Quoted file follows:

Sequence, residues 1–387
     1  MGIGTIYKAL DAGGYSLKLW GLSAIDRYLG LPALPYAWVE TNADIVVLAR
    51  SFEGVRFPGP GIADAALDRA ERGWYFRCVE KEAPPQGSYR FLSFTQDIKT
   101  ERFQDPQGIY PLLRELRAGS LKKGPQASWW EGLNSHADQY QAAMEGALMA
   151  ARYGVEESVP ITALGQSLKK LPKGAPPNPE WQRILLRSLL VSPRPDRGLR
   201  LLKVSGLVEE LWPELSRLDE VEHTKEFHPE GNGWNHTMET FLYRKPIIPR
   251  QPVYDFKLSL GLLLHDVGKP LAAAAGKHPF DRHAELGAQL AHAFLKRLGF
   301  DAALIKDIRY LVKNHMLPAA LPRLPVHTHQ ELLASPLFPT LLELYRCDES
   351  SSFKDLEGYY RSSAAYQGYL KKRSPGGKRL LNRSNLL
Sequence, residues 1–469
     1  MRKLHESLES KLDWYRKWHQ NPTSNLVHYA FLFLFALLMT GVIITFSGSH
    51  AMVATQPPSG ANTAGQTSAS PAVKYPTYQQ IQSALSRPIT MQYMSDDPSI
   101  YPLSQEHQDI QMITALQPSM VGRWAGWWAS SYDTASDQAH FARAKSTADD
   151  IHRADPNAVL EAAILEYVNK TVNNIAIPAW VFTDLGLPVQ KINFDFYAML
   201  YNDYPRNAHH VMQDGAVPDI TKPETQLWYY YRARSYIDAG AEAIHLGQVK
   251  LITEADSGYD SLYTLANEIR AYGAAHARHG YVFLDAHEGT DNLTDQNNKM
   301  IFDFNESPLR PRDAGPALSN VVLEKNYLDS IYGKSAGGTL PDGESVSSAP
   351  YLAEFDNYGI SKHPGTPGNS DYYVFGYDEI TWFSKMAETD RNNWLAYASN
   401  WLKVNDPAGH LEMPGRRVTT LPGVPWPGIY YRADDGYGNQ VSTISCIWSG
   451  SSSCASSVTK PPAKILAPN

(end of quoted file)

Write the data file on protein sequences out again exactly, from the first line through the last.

Sequence, residues 1–387
     1  MGIGTIYKAL DAGGYSLKLW GLSAIDRYLG LPALPYAWVE TNADIVVLAR
    51  SFEGVRFPGP GIADAALDRA ERGWYFRCVE KEAPPQGSYR FLSFTQDIKT
   101  ERFQDPQGIY PLLRELRAGS LKKGPQASWW EGLNSHADQY QAAMEGALMA
   151  ARYGVEESVP ITALGQSLKK LPKGAPPNPE WQRILLRSLL VSPRPDRGLR
   201  LLKVSGLVEE LWPELSRLDE VEHTKEFHPE GNGWNHTMET FLYRKPIIPR
   251  QPVYDFKLSL GLLLHDVGKP LAAAAGKHPF DRHAELGAQL AHAFLKRLGF
   301  DAALIKDIRY LVKNHMLPAA LPRLPVHTHQ ELLASPLFPT LLELYRCDES
   351  SSFKDLEGYY RSSAAYQGYL KKRSPGGKRL LNRSNLL
Sequence, residues 1–469
     1  MRKLHESLES KLDWYRKWHQ NPTSNLVHYA FLFLFALLMT GVIITFSGSH
    51  AMVATQPPSG ANTAGQTSAS PAVKYPTYQQ IQSALSRPIT MQYMSDDPSI
   101  YPLSQEHQDI QMITALQPSM VGRWAGWWAS SYDTASDQAH FARAKSTADD
   151  IHRADPNAVL EAAILEYVNK TVNNIAIPAW VFTDLGLPVQ KINFDFYAML
   201  YNDYPRNAHH VMQDGAVPDI TKPETQLWYY YRARSYIDAG AEAIHLGQVK
   251  LITEADSGYD SLYTLANEIR AYGAAHARHG YVFLDAHEGT DNLTDQNNKM
   301  IFDFNESPLR PRDAGPALSN VVLEKNYLDS IYGKSAGGTL PDGESVSSAP
   351  YLAEFDNYGI SKHPGTPGNS DYYVFGYDEI TWFSKMAETD RNNWLAYASN
   401  WLKVNDPAGH LEMPGRRVTT LPGVPWPGIY YRADDGYGNQ VSTISCIWSG
   451  SSSCASSVTK PPAKILAPN